Camel races, horse-riding competitions add color to Eid festivities in Tabuk

1 / 3
Camel races, horse riding competitions add color to Eid festivities in Tabuk. (SPA)
2 / 3
Camel races, horse riding competitions add color to Eid festivities in Tabuk. (SPA)
3 / 3
Camel races, horse riding competitions add color to Eid festivities in Tabuk. (SPA)
Updated 16 August 2019

Camel races, horse-riding competitions add color to Eid festivities in Tabuk

  • Eid Al-Adha celebrations in Tabuk are calm, inspired by the stability they are accustomed to through the gentle rhythm of life in the desert

Eid Al-Adha or “festival of the sacrifice” commemorates the story of the Prophet Ibrahim’s test of faith, when he was commanded by God to sacrifice his son. The legend holds that God stayed his hand, sparing the boy, and placed a ram in his place.

Muslims around the world celebrate this occasion, and the citizens of Tabuk are no different. People from the region are keen to revive this ceremony in their own way through celebrations that reflect the desert area’s authenticity and modernity.

Eid Al-Adha celebrations in Tabuk are calm, inspired by the stability they are accustomed to through the gentle rhythm of life in the desert.




Camel races, horse riding competitions add color to Eid festivities in Tabuk. (SPA)

After the prayers, the Haganah groups congratulate the citizens by performing Hajini songs. Every family heads home to slaughter sacrifices and prepare the Eid feast. Then, they go out to visit friends and relatives and exchange gifts, in a social habit inherited from their ancestors.

Abdullah Al-Atwi, who specializes in the popular heritage in the Tabuk region, said: “Celebrations in Tabuk are quite similar to the rest of the Kingdom’s regions. However, Tabuk is unique due to the Haganah bands who tour the region, chant Hajini melodies and ride camels decorated with shiny patterns to reflect their joy.”

The residents of the desert gather on the third day of Eid to hold a special ceremony in which they recite poems and revive their heritage, added Al-Atwi.

He said that the ceremony features camel racing, horse riding and camel competitions organized by the region’s youth. The festivities last until the early hours of dawn.

The Tabuk region in northwestern Saudi Arabia is a magnet for tourists drawn to its beautiful Red Sea coastal cities. 

It offers a wealth of tourist attractions that help to guarantee a rewarding visit.

 


Arabic anime voice actors prepare for new show at Riyadh expo

Updated 17 November 2019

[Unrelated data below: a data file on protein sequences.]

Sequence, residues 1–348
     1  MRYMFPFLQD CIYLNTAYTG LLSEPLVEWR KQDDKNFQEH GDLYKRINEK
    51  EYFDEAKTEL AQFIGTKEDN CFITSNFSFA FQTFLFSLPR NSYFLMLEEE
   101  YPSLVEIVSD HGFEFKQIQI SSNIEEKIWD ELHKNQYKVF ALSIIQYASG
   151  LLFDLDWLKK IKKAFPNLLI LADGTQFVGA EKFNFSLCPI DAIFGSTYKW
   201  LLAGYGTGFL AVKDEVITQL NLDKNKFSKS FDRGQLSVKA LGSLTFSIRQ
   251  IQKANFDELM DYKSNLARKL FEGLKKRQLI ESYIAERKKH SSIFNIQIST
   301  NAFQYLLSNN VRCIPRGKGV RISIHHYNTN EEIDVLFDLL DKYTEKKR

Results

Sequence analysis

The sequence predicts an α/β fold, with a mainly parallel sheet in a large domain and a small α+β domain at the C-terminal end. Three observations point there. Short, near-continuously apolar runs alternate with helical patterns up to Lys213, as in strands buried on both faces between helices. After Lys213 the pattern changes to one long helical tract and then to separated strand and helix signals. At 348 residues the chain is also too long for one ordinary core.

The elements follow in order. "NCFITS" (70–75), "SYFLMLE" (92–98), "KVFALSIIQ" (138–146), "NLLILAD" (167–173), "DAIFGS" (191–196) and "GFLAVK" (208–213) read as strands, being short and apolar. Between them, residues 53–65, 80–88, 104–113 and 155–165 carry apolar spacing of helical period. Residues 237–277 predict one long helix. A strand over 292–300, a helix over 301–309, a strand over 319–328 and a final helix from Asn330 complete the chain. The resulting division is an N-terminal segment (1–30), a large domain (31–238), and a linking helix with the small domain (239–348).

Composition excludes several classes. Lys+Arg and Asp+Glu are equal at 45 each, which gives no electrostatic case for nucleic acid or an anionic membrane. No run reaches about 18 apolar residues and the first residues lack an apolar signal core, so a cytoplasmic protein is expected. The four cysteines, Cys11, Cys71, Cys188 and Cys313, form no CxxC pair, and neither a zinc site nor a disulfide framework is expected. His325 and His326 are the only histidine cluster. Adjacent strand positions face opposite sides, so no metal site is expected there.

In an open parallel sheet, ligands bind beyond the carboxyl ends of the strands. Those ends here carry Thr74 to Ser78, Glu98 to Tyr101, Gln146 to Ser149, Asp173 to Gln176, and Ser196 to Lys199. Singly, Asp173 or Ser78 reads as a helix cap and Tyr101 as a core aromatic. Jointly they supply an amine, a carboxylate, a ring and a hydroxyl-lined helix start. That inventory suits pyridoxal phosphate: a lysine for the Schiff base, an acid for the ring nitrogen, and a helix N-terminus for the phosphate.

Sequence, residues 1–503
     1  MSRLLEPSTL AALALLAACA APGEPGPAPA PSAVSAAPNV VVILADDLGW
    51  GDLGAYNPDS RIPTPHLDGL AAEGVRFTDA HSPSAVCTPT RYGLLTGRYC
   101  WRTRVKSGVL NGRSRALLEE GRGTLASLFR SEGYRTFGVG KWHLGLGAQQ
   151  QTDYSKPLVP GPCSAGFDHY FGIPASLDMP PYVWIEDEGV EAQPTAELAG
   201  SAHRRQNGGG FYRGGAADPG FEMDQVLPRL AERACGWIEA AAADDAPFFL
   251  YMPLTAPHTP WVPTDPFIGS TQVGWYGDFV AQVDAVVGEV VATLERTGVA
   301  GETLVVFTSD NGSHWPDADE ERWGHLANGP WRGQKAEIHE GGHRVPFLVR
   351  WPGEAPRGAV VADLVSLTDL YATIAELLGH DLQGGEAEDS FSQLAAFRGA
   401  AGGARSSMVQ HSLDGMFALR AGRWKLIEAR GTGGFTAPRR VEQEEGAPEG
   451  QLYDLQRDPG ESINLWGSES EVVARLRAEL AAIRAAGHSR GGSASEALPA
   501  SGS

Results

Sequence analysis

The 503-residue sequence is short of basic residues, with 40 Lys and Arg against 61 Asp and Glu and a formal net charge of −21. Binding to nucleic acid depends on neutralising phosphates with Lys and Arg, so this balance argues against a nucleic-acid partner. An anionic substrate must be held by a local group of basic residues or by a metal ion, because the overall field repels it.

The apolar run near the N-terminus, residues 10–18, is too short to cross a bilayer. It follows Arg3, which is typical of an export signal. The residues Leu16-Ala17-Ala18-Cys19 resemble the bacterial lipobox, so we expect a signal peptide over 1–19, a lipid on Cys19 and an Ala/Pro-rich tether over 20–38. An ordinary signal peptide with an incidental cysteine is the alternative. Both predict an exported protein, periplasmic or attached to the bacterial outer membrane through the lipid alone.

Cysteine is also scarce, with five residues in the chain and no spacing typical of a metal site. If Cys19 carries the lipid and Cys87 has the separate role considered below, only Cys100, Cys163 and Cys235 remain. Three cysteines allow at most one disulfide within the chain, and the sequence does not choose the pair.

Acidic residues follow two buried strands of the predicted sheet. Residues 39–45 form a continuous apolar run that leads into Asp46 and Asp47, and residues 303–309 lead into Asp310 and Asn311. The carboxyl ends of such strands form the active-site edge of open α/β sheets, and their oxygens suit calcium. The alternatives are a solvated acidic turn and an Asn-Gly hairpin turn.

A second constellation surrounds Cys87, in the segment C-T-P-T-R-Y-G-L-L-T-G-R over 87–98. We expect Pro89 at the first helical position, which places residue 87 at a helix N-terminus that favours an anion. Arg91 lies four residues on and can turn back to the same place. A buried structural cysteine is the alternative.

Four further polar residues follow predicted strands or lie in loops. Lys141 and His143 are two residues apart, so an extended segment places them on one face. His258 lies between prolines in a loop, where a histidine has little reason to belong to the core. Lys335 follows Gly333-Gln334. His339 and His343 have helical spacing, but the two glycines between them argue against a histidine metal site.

Arabic anime voice actors prepare for new show at Riyadh expo

  • Waheed Jalal's voice acting as “Treasure Island” antagonist John Silver has captivated generations

RIYADH: Visitors to Riyadh’s first anime expo stopped by the first panel on Saturday unaware that they would be leaving the stage with memories renewed of their favorite voice actors of all time.

Waheed Jalal and Jihad Al-Atrashi will forever live on in the hearts of fans of “Grendizer” and “Treasure Island (Takarajima),” the two shows that introduced the Arab world to anime in the 1970s.

Jalal, whose voice acting as “Treasure Island” antagonist John Silver has captivated generations, expressed how delighted he was to be with the audience.

“I want to thank you and your Kingdom of generosity and culture,” he said.

Al-Atrash, who portrayed Duke Fleed, echoed his sentiments: “You are great people with great values, thank you to the people of the Kingdom that stand next to people of all nations.”

Jalal was touched by the audience’s love and warm welcome, “You guys are the reason we continued this far, without you it wouldn’t have been possible,” he told them.

“We’re persevering to this day because people loved these characters we portrayed so much, our other works pale in comparison,” he added.

Jalal said that the reason “Grendizer” remained with so many people is because of the values and morals depicted in the show, teaching generations to be loyal and loving to their nation and their people.

Artist and creator Ibrahim Al-Lami. (AN photo by Huda Bashatah)

The voice acting pair talked about the importance of speaking in formal Arabic in these shows. Jalal said it’s because “you’re presenting to the entire Arab world.”

Local dialects would be difficult for others to understand, so we must all aspire to perfect our formal Arabic, added Jalal.

Before concluding the talk, a teaser was played of the first Saudi anime “Makkeen” by artist and creator, Ibrahim Al-Lami, who announced that 60 percent of the work was completed through local efforts.

“We’ll introduce a new work that is by our people, written by our people and voiced by our people,” he said to the audience.

The work will feature characters voiced by Jalal and Al-Atrash, who have become symbolic to the Arab anime world. “I told them, this work wouldn’t be complete without you two,” said Lami on his choice of voice actors. “We want these works to see the light of day. We need to provide the new generations with tales of our own,” added Al-Atrash when asked why he wanted to partake in the anime.